An article in The Irish Times concerns an upcoming documentary, Behind the Walls, about the history of the atrocious maltreatment of people in psychiatric institutions in that country, Revealing the horrific past of psychiatric hospitals.
In one report from the documentary, concerning year 1958, you get the following…
It was a revealing year in the context of Irish mental institutions. The patient population was close to an all-time high of more than 21,000. For many years, Ireland had led the world in locking up its people in psychiatric hospitals – on a per capita basis, it was even ahead of the old Soviet Union.
The article attributes this figure to social causes more than anything else. This number of people might not seem so startling until you begin comparing it to the numbers of people held in prisons at the same time in Ireland.
In addition to his international comparisons, Dr Brennan looked at figures closer to home, in particular comparing numbers locked up in psychiatric hospitals with those in prisons. This presents a truly remarkable picture of Irish society in the mid-decades of the 20th century, where the number of prisoners rarely exceeded 600. In 1958, the year of Dr Ramsey’s Clonmel report, this number was 369.
This is the kind of statistic that screams over-diagnosis and over-treatment. On top of this sort of over-kill, those maltreatments involved included the now mostly defunct and damaging practices of insulin shock therapy and lobotomy.
Another fascinating revelation is about how artifacts from the lives of some of the prisoners held at one of these institutions were preserved in an attic, much as were such artifacts discovered in an attic at Willard State Hospital in New York State in the United States, the recent subject of a successful museum exhibit and book, The Lives They Left Behind – Suitcases From A State Hospital Attic.
When patients died (to be buried, unnamed, in mass graves in Glasnevin cemetery), their modest few belongings ended up in the attics of the many buildings that make up the complex of Grangegorman.
These were rescued recently by a group of dedicated retired psychiatric nurses who have begun the process of cataloguing them. It is an immense job, with thousands of personal possessions – holy pictures, packets of cigarettes, lipsticks, letters, shoes, rosary beads, photographs, handbags, spectacles.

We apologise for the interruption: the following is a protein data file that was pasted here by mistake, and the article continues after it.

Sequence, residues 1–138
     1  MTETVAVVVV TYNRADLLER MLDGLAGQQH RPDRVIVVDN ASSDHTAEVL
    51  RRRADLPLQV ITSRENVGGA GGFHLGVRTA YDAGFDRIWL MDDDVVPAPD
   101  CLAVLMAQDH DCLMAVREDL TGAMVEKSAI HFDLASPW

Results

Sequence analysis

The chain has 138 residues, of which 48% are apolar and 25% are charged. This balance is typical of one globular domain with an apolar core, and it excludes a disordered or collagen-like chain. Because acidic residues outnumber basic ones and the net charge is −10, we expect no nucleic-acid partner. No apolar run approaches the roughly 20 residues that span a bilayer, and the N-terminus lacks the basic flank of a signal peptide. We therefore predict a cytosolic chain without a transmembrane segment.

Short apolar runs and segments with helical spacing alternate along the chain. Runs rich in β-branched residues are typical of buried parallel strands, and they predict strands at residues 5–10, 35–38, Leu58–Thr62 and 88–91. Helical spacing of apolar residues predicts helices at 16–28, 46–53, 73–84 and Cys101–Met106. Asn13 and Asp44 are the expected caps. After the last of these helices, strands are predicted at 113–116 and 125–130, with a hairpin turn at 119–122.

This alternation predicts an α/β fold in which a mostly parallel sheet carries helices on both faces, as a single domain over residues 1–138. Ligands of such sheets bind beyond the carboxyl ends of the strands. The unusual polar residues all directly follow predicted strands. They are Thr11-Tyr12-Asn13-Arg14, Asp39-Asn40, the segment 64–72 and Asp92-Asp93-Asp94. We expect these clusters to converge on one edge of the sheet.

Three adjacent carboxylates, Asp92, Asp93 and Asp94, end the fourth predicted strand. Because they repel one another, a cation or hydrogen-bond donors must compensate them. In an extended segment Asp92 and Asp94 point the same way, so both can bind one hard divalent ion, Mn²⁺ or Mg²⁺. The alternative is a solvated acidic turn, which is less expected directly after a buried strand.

This is the kind of a history that returns the lives of people who endured much prejudice and discrimination, and who were doubly abused by neglect and cruelty, back to us. Those of us who have known psychiatric imprisonment and oppression first hand are keenly aware of the importance of this kind of a historical documentation. Psychiatric hospitals are not to be confused with amusement park fun houses despite the use to which some abandoned asylums have been put in the USA recently. In the interests of decency and humanity, not to mention accurate accounting, we need much more of this sort of research and historical preservation.
While we’ve seen films on the history of mental health maltreatment in Great Britian, and now in Ireland, I’ve yet to see any such major undertaking attempted in the USA. I know that, accompanying preservation efforts, much destruction of evidense is going on all the time. This makes the urgency and importance all that greater for preservation efforts to be made. I would also like to see one or two of these abandoned asylums made into a museum of archaic maltreatment devices and practices. Hopefully, this present neglect means we have something of the sort to look forward to in the future.